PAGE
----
Tags » Cynthia Ozick

Eloquence in her writing

Reading good writings by others helps us to write better. Reading is enjoyable in itself even when we cannot write. Each reader has his or her particular likes and dislikes. 726 more words


Cynthia Ozick, The Shawl

The Shawl by Cynthia Ozick

My rating: 5 of 5 stars

Perhaps Cynthia Ozick’s most famous book, this 1989 collection of two linked short stories about the Holocaust and its long aftermath is a triumphantly involuted and gorgeously self-lacerating traversal back and forth between the author’s mutually incompatible commitments—her iconoclasm, her zeal to smash whatever looks like an idol, a toy set up between human beings to seduce them out of their responsibilities; and her imagination, the autonomous trope-forging human faculty of which she is master, that magical power that dazzles the landscape with graven images. 1,109 more words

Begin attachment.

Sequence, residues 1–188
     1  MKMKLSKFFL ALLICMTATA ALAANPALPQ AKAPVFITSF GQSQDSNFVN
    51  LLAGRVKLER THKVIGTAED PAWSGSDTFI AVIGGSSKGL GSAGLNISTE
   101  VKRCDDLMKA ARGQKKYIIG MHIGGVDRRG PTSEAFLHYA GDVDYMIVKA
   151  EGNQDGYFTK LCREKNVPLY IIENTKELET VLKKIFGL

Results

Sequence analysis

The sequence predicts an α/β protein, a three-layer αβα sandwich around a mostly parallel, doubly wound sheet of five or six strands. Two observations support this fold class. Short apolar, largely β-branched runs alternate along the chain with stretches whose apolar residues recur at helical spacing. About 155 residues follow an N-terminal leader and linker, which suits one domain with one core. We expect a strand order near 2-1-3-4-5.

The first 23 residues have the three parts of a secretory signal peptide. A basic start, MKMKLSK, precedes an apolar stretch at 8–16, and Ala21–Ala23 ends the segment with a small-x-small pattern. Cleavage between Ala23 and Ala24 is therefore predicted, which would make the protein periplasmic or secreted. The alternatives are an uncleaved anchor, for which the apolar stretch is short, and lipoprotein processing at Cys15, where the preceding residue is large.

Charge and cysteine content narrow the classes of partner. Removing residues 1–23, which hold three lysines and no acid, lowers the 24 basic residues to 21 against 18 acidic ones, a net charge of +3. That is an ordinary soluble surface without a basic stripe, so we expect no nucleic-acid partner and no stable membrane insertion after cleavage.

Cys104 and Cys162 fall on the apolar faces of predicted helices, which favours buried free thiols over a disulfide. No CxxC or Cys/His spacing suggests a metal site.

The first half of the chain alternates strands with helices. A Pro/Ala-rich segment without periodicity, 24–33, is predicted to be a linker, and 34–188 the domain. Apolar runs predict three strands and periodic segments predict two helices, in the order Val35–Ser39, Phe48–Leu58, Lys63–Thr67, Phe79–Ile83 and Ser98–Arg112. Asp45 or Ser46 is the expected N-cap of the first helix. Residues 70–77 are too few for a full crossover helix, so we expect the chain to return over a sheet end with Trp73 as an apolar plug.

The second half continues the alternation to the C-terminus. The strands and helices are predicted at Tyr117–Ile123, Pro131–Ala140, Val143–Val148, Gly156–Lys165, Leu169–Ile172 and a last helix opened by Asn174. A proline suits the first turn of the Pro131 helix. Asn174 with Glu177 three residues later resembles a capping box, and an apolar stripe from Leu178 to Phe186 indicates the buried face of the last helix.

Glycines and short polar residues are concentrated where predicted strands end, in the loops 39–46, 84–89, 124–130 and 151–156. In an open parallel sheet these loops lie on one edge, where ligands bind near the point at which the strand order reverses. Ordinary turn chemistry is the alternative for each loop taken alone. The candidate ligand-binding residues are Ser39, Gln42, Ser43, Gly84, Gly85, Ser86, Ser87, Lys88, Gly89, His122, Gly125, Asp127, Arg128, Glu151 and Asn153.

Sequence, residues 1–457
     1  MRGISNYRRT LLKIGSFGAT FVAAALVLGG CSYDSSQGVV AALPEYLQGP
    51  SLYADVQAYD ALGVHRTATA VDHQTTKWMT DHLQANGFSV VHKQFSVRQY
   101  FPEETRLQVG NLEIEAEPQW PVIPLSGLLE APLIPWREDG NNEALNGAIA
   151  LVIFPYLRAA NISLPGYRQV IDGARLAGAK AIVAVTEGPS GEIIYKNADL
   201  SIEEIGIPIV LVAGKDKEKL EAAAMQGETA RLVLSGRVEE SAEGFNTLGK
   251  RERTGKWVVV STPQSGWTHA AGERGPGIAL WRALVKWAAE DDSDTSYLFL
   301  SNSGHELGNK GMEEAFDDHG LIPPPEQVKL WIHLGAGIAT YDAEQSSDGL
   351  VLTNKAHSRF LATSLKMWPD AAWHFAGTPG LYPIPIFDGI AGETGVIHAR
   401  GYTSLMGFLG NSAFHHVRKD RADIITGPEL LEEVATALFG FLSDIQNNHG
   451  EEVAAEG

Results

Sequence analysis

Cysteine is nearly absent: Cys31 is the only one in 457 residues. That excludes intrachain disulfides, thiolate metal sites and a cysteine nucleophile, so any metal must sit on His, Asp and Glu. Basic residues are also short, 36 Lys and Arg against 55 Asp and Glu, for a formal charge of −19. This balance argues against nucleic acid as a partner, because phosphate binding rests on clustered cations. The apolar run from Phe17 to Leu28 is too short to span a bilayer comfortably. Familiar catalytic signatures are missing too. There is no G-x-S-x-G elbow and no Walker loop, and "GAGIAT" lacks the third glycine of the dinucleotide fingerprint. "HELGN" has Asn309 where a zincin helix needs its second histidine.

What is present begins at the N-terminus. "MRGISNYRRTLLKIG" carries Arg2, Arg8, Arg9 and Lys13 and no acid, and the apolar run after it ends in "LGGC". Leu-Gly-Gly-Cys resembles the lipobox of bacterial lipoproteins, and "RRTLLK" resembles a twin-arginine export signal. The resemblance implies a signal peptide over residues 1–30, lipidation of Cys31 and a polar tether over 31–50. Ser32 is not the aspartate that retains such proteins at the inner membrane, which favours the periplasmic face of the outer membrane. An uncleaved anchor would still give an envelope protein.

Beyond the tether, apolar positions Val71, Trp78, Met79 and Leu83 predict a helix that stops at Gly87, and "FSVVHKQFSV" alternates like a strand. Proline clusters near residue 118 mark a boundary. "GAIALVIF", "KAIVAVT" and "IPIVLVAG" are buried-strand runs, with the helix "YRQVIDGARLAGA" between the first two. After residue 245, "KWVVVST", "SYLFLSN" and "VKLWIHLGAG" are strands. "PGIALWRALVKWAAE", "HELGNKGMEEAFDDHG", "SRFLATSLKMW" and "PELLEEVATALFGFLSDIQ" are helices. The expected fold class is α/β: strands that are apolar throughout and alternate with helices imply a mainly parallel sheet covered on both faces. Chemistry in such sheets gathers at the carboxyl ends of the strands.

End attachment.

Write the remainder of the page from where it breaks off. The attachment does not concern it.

Book Reviews

A Transaction of the Will

“What we remember from childhood we remember forever – permanent ghosts, stamped, inked, imprinted, eternally seen.” ― Cynthia Ozick

Today’s word of the day, from Dictionary.com, is… 804 more words


10 Outstanding Short Stories to Read in 2016

Below is a guest post from Mumbai-based writer-filmmaker—and longtime #longreads contributor—Pravesh Bhardwaj (@AuteurPravesh). 1,874 more words



Cynthia Ozick was given front page real estate in the New York Times Book Review, with a devilishly catchy title, “The Novel’s Evil Tongue” (12/20/2015). Her essay refers to the Book of Genesis, where Eve listens to the serpent and is persuaded to eat the forbidden fruit of the tree of knowledge of good and evil, as is Adam, her companion. 1,108 more words

Quality Of Attention